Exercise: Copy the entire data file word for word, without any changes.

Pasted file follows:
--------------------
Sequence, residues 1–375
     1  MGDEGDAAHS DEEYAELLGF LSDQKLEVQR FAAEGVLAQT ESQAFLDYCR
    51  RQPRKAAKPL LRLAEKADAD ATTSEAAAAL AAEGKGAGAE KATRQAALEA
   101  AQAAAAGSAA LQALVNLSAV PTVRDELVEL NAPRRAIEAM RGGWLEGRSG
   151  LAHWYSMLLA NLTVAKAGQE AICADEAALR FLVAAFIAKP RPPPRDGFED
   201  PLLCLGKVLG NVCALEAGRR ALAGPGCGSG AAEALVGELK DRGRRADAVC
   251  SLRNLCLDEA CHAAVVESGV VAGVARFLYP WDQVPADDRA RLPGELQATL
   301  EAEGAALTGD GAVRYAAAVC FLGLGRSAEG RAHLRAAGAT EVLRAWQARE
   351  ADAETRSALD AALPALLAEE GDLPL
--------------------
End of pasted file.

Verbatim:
Sequence, residues 1–375
     1  MGDEGDAAHS DEEYAELLGF LSDQKLEVQR FAAEGVLAQT ESQAFLDYCR
    51  RQPRKAAKPL LRLAEKADAD ATTSEAAAAL AAEGKGAGAE KATRQAALEA
   101  AQAAAAGSAA LQALVNLSAV PTVRDELVEL NAPRRAIEAM RGGWLEGRSG
   151  LAHWYSMLLA NLTVAKAGQE AICADEAALR FLVAAFIAKP RPPPRDGFED
   201  PLLCLGKVLG NVCALEAGRR ALAGPGCGSG AAEALVGELK DRGRRADAVC
   251  SLRNLCLDEA CHAAVVESGV VAGVARFLYP WDQVPADDRA RLPGELQATL
   301  EAEGAALTGD GAVRYAAAVC FLGLGRSAEG RAHLRAAGAT EVLRAWQARE
   351  ADAETRSALD AALPALLAEE GDLPL